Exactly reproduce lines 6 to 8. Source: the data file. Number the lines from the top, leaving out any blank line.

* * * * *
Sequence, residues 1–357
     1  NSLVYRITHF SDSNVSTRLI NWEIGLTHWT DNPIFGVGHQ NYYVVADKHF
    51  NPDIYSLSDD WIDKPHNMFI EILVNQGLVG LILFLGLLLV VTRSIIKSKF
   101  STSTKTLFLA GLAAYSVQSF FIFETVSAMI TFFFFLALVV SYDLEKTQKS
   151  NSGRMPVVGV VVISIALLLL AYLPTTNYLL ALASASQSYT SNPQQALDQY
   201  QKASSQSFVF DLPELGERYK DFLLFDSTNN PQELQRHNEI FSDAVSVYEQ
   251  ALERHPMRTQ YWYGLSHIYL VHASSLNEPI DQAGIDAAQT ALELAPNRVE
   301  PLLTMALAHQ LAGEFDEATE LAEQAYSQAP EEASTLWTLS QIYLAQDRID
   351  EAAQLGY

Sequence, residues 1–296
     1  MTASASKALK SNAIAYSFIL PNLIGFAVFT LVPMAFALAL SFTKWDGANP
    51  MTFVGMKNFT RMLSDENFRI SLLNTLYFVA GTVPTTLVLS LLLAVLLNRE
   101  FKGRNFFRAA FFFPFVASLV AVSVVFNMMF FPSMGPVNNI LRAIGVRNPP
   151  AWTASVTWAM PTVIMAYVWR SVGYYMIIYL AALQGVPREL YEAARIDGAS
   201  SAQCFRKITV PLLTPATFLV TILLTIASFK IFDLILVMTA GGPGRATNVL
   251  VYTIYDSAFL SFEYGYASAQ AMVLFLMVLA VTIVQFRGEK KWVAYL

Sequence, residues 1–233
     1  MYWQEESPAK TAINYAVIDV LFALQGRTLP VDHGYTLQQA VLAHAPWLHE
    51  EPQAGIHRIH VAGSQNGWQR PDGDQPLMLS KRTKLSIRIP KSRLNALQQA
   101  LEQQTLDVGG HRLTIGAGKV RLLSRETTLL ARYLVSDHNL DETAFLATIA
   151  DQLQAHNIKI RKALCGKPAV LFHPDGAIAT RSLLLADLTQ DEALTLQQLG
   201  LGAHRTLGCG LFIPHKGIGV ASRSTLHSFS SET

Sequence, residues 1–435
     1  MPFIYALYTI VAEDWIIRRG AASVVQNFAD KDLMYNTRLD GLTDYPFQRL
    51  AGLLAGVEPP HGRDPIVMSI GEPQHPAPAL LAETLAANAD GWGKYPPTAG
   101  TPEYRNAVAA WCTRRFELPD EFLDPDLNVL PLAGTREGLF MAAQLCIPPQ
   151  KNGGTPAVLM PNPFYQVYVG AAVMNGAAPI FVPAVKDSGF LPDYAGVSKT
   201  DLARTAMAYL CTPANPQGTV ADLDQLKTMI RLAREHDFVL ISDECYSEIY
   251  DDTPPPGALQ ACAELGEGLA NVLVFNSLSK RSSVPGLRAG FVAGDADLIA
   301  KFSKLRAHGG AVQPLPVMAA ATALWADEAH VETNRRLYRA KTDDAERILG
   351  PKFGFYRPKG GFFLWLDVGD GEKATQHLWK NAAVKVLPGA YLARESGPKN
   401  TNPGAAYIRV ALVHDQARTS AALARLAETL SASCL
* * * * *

   201  QKASSQSFVF DLPELGERYK DFLLFDSTNN PQELQRHNEI FSDAVSVYEQ
   251  ALERHPMRTQ YWYGLSHIYL VHASSLNEPI DQAGIDAAQT ALELAPNRVE
   301  PLLTMALAHQ LAGEFDEATE LAEQAYSQAP EEASTLWTLS QIYLAQDRID